I would like also to mention a few others without whom this would have been very difficult. From the staff a big Thank You to Maria Peeva, Hristina Tomova and Elka Rachkova without whom the smooth operation of the whole tasting would have been impossible.And they did it for Bulgarian wine for free! A special Thank You to Martin Thorpe, an ex ''odbinite'' and a friend who gracefully accepted to be the English Face of the tasting and worked hard both on stage and behind the curtains to make it all happen. A big Thank You to our biggest sponsor Raytcho Raykov from for his decade long support for Bulgarian wine. A big Thank You to Caroline Gilby MW the one Master of Wine, who have not stopped believing in Bulgarian wine and have supported us in all our vinous endeavors. I would like also to Thank all the wineries and their staff who took part in this tasting and especially Logodaj WineryYamantievs Winery, Todoroff Wine Cellar and Borovitza Wine Cellar who have put in their unreserved trust and helped us all the way.

When there is a Will there is a Way! 

Written by Vassil Rachkov — December 04, 2013

After the dust have settled, Bulgarian wine has come back for good!

On the 28th November 2013 the UK wine trade awoke to find that Bulgaria has come back with a vengeance, and, for good! Largely supported and sponsored by us and our partners Zelas more than 250 wines were poured at the Annual Bulgarian Wine Tasting that took place in the Bulgarian Embassy in London on 27th November. Following a much smaller one from the previous year, the event attracted the top 25 top wineries of Bulgaria and welcomed more than 200 trade and press visitors. Caroline Gilby MW delivered a masterclass initially designed to cover indigenous grape varieties but overwhelmed by genuine interest presented an overall review of Bulgarian wine.
Behind the ingenious marketing campaign and design stood our long standing partner Zelas, while we at Vaskovino provided full support including logistics from Bulgaria executed to perfection by Dispoint, Warehousing and Customs Services kindly provided by London City Bond and wine ware supplied by WinesortedAll that was left for us was to stitch it all together and provide a knowledgeable and passionate staff to assist and support the exhibitors at the event. We were behind the tasting in Vinopolis in 2006 and 2007 dubbed by Jancis Robinson ''the biggest Bulgarian Wine Fair for the decade'' and can honestly boast that this was bigger, much bigger! First of all, the wines were simply great, they have made a huge leap in quality and yet again offered great value for money while superbly packaged. Bulgaria finally has answered the call from the last few remaining Bulgarian Wine Specialist Importers in the UK and postponed its many engagements with third countries like Japan, USA, and China  to come to London and show what it has and always will do-Great Wines at Great Prices!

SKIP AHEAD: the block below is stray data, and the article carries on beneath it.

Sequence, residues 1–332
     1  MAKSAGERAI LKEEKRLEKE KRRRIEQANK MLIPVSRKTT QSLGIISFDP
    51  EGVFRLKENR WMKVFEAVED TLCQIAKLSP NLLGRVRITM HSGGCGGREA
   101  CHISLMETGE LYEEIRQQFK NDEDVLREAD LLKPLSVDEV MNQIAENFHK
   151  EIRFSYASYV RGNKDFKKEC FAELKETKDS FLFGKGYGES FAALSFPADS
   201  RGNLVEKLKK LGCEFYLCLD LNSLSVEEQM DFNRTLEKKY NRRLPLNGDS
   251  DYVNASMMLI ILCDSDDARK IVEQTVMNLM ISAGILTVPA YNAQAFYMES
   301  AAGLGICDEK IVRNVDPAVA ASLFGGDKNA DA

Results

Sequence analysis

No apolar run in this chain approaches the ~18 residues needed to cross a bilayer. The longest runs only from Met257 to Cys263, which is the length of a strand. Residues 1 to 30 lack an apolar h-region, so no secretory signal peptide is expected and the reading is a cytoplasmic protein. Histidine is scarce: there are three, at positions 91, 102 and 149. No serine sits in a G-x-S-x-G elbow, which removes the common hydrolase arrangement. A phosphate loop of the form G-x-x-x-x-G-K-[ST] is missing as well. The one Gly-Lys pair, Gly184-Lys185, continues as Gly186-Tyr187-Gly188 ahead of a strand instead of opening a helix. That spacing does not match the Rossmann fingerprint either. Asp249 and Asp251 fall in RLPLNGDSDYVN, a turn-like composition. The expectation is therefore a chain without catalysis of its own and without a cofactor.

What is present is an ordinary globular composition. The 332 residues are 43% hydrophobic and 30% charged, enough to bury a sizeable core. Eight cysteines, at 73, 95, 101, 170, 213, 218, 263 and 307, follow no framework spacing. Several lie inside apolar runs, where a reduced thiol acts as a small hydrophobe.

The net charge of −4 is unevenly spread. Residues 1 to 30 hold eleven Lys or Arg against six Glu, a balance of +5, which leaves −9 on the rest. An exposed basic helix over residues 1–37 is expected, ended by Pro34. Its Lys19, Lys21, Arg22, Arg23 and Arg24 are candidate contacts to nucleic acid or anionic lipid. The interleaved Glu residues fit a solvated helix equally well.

It can truly represent the best that the Old World can offer. After all it is one of the cradles of wine making together with Armenia and Georgia.

Written by Vassil Rachkov — December 04, 2013

A bumper harvest in Bulgaria in 2013 despite drought in august!


 Making wine is a fickle business. It is so vulnerable to the elements that it should not really be considered a business. To an extent the vine-grower is left to the mercy of the weather and the winemaker has to wait a whole year before amending a mistake made in the winery.  And with the Global Warming and its devastating effects on the climate, vine-growing and wine-making should really be left to witches and wizards. One year could be great for red grapes and not so good for whites. Another autumn can bring rain at harvest and ruin the crop altogether. In Bordeaux it has been calculated that a really good vintage comes every 3-4 years, if we only knew which!

This uncertainty brings a dose of mystery and excitement to many wine connoisseurs but fills the hearts of the humble winemakers with dread.

        In Bulgaria this year the vintage started a bit early as a result of the drought conditions in August. September saw some rain in the first ten days but as a whole it was also dry.  As a result the grapes ripened really fast reaching 21-23 sugar levels really quick but containing far less juice. According to Violeta Dimitrova,director of the Institute of Viticulturte and Enology (IVE) in Pleven, whose cellars date back to 1892, the cold winter and the August drought will reduce the size of the harvest.

         A month later one of the biggest wineries Vinprom (aka winery) Peshtera reported harvests of up to 10 tonnes/ha from its 2000 ha of vineyards situated in the heart of  the Thracian Lowlands going east towards the towns of Yambol and the port of Burgas .

         At the beginning of October the CEO of the National Vine and Wine Chamber, Krasimir Koev, expected that the bumper harvest will produce up to 200 million liters of wine in 2013 compared to 127 million liters in 2012. He was confident that the wine will be sold successfully with half of it destined for the home market. This year is going to see the wineries in Bulgaria increase by another 12 and reach the whopping number of 246 producing in total 200 million litres of wine with most of it split between the home market, Poland and Russia. The UK has long seized to be a coveted destination and only 6.2% of the production finds its way here. Bulgarian wine has made its entry in China, Japan and from this year Vietnam and its future looks bright. 



Written by Vassil Rachkov — September 20, 2013


Bulgarian Wine Politics,Scores and Trends

A Bulgarian website, Divino striving to become the leading factor in setting all wine trends in Bulgaria has published its Top 20 list for 2014. A bit confusing whether it...

New Bulgarian Grape Varieties

It is strange that Bulgaria as one of the cradles of wine-making and viticulture does not have more indigenous grape varieties. Apart from the ubiquitous Melnik and Mavrud the latter...

Eat Local, Drink Local!

Now that the ''crazy festive times'' are over I look at the stack of bottles we have gone through(imagine the pile of food-we are dubbed '' The Eaters''by my little...